What tends to happen over time is that parents learn to read their child’s signals. They see that the behavior is escalating, and they try to do something about it before the tantrum begins.
In other words, the parents begin to lessen their demands as the child gives them cues that he’s going to soon lose control. That lowering of expectations usually occurs by over-negotiating, compromising, or giving in to their child’s demands.
In this way, these kids learn to shape the behavior of the adults around them. Let me be clear: when parents change their routine because a child throws a tantrum, or verbally abuses them, they’re teaching that child that he can have power over them through inappropriate behavior. It’s a lesson the child learns quickly.
The Child Ends Up in Charge
During this back-and-forth process, parent and child are both learning to deal with one another. The parent, in these situations, is learning that if the child is given into, he stops acting out.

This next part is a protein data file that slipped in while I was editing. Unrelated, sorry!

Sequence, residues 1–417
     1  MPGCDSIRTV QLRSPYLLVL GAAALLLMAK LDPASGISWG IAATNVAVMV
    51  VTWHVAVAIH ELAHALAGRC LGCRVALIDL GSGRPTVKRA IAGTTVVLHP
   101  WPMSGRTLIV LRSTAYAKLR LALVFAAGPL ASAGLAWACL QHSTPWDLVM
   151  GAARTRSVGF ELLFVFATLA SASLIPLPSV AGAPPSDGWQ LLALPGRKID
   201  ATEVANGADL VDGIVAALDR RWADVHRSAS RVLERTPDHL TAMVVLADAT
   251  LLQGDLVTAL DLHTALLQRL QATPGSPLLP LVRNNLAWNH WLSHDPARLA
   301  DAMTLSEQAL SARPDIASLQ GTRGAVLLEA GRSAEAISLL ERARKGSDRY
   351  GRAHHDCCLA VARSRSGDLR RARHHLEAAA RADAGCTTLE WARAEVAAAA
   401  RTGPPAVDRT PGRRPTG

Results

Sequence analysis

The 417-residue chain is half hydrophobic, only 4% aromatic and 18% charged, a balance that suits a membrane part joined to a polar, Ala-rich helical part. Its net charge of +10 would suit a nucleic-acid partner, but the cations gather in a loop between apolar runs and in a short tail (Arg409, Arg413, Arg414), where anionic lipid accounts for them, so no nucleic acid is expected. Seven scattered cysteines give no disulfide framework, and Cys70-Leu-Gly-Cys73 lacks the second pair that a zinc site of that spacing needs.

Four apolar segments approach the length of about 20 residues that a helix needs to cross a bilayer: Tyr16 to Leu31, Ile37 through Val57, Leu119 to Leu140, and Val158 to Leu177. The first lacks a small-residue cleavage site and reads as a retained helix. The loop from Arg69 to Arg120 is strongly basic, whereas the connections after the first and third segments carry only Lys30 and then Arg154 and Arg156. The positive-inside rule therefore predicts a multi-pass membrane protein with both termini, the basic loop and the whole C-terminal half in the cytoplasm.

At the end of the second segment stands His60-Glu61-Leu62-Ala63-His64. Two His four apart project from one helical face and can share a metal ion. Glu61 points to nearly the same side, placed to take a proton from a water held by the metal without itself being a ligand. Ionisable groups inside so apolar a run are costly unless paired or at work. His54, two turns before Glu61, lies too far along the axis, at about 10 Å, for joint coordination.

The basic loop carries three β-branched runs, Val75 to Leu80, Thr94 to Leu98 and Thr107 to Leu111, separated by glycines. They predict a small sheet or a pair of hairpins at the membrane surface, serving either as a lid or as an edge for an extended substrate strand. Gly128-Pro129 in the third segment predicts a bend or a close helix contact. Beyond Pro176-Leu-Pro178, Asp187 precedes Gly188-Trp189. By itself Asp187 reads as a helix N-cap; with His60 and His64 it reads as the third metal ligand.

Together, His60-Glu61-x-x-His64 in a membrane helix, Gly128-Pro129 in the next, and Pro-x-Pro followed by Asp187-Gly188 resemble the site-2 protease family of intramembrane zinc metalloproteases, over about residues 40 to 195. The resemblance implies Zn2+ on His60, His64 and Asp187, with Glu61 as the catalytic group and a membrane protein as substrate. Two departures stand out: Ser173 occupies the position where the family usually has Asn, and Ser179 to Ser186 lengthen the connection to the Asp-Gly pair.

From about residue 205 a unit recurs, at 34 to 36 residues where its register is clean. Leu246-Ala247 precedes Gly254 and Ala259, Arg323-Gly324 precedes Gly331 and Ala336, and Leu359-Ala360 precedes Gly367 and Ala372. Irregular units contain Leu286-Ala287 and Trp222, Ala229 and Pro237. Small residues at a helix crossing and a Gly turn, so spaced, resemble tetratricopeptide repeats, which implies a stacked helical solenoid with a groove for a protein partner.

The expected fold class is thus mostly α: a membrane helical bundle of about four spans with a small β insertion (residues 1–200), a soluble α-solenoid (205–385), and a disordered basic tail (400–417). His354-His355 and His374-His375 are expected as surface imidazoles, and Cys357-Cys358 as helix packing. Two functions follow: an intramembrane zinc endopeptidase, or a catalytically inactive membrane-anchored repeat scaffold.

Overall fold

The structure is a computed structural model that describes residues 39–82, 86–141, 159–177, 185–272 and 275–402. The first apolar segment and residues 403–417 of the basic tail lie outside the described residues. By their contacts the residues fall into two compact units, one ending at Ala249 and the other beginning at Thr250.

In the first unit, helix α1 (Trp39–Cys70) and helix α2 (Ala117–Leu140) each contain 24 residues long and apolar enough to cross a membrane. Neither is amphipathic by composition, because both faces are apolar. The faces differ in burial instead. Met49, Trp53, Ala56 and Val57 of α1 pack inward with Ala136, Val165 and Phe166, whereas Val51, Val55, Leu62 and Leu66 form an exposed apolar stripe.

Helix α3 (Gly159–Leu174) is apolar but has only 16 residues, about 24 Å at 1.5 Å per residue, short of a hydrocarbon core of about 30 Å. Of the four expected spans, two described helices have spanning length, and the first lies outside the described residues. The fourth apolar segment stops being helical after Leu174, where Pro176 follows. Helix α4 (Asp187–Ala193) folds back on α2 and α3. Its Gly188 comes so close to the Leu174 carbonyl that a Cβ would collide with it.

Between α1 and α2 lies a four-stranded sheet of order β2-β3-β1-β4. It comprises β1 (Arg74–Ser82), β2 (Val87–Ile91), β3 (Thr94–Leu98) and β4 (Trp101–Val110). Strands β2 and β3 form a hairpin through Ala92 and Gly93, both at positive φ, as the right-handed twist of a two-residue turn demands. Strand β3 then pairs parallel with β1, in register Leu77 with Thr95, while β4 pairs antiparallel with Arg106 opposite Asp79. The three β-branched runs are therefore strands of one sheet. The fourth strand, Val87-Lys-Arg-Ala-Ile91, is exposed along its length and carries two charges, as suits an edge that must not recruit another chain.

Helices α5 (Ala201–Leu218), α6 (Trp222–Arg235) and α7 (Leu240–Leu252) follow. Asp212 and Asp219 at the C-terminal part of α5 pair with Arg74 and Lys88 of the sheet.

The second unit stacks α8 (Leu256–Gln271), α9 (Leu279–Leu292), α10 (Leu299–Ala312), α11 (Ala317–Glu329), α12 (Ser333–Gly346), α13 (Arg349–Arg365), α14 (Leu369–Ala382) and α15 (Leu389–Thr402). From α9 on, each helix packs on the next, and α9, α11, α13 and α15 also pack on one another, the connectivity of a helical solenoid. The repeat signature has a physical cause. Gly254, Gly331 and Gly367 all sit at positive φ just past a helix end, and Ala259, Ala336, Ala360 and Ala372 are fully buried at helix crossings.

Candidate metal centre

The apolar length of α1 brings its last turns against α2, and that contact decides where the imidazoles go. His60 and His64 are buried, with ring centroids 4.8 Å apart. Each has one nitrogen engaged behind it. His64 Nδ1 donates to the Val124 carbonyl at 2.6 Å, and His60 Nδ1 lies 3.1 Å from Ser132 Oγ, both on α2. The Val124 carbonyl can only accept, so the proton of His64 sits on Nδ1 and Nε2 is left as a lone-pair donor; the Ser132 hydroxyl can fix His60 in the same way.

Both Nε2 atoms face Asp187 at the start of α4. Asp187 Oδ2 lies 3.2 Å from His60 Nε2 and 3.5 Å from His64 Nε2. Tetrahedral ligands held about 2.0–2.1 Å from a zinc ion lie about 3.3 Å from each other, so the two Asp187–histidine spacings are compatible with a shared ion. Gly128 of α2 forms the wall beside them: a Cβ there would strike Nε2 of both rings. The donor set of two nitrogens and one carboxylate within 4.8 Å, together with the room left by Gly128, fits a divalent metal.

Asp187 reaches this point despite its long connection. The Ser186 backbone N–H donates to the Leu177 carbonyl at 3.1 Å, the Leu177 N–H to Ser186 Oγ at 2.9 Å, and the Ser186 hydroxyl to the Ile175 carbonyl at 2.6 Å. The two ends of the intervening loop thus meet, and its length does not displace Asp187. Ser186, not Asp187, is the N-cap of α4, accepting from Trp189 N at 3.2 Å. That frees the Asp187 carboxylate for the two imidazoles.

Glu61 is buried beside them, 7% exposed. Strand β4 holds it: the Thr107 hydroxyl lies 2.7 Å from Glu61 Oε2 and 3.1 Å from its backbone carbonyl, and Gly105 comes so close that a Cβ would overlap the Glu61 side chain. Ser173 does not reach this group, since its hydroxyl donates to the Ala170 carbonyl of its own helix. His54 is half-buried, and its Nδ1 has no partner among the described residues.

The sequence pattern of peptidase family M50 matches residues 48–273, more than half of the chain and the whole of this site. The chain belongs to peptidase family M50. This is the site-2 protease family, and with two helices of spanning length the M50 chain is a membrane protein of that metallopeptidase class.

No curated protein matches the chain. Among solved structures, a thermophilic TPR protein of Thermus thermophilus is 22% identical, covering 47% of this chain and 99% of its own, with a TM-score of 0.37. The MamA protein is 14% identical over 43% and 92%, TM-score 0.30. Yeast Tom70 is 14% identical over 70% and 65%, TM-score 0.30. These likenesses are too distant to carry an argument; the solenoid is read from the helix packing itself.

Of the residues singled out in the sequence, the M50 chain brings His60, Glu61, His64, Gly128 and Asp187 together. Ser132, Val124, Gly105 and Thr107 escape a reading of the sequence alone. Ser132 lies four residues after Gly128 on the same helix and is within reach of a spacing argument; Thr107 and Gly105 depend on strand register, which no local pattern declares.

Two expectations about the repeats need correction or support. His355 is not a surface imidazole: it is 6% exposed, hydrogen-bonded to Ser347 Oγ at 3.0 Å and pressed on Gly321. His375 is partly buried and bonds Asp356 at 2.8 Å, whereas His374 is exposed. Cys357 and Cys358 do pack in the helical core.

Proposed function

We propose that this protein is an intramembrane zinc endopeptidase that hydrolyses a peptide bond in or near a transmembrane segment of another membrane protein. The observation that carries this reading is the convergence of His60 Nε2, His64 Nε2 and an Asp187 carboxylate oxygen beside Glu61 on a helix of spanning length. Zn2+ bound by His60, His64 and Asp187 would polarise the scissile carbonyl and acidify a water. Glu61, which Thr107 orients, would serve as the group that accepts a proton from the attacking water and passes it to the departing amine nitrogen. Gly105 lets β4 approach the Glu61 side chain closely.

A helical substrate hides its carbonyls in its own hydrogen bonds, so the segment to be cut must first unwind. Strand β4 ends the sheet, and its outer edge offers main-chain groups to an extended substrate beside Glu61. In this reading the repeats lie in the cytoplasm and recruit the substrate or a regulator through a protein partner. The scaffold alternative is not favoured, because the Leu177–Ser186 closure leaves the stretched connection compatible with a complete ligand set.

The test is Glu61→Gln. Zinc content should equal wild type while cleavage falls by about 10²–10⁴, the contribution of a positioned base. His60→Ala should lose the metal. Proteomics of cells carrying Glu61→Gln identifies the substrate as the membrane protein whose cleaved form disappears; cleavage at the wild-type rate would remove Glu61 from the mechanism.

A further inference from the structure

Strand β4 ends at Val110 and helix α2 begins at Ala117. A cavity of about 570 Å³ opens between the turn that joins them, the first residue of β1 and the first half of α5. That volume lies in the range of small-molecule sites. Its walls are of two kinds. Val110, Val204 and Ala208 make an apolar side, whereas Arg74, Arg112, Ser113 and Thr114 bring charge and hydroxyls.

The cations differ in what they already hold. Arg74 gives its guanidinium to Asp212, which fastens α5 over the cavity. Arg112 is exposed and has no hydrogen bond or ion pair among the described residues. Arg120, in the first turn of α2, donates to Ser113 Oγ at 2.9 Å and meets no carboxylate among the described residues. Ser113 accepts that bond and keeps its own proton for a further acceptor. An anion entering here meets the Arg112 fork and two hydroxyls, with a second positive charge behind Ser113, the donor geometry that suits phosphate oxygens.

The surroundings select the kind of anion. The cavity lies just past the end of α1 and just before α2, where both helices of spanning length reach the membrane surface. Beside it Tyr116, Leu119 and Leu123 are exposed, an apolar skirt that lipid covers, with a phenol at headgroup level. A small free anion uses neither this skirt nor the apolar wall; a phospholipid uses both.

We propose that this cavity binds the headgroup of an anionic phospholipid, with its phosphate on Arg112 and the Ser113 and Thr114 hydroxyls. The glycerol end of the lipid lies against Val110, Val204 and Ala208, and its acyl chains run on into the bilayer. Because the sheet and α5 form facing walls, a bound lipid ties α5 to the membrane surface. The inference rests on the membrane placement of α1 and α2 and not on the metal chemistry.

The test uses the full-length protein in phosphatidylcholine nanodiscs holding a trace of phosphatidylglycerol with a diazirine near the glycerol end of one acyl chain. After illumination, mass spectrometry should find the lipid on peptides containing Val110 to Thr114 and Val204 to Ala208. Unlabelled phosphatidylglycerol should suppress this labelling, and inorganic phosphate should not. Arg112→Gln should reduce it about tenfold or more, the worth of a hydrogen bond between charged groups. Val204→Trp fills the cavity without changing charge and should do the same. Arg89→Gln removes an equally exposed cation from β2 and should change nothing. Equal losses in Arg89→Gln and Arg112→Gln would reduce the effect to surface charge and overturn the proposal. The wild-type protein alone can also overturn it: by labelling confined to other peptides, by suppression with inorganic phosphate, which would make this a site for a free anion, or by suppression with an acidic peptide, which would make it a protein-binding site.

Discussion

For most parents, stopping the tantrum is important because it’s embarrassing and frustrating. And so the parents are taught by the child that if they do what he wants, things will get easier. The parents are taught that if they don’t hold him accountable, even at 24 months, he’ll stop yelling and having temper tantrums.
In this way, parents learn to tolerate more inappropriate, acting-out behavior from the child. The parents learn to tolerate disrespect and defiance. And those two processes, separate though parallel, build on each other and form the child’s way of dealing with life.
The Future is Hard When the Child is in Charge
Of course, as the child gets older, tantrums take on a very different look. Older kids know that lying on the floor and screaming and kicking your feet makes them look ridiculous. And no kid wants to look ridiculous. So, the kids adapt.
At a certain age, they learn various forms of verbal abuse, including name-calling, putting others down, and threatening. This learned behavior, this learned way of problem-solving, begins to cause problems outside the home.
In particular, when these kids enter school they often have problems. The schools (hopefully) don’t tolerate the behavior and these kids get in trouble.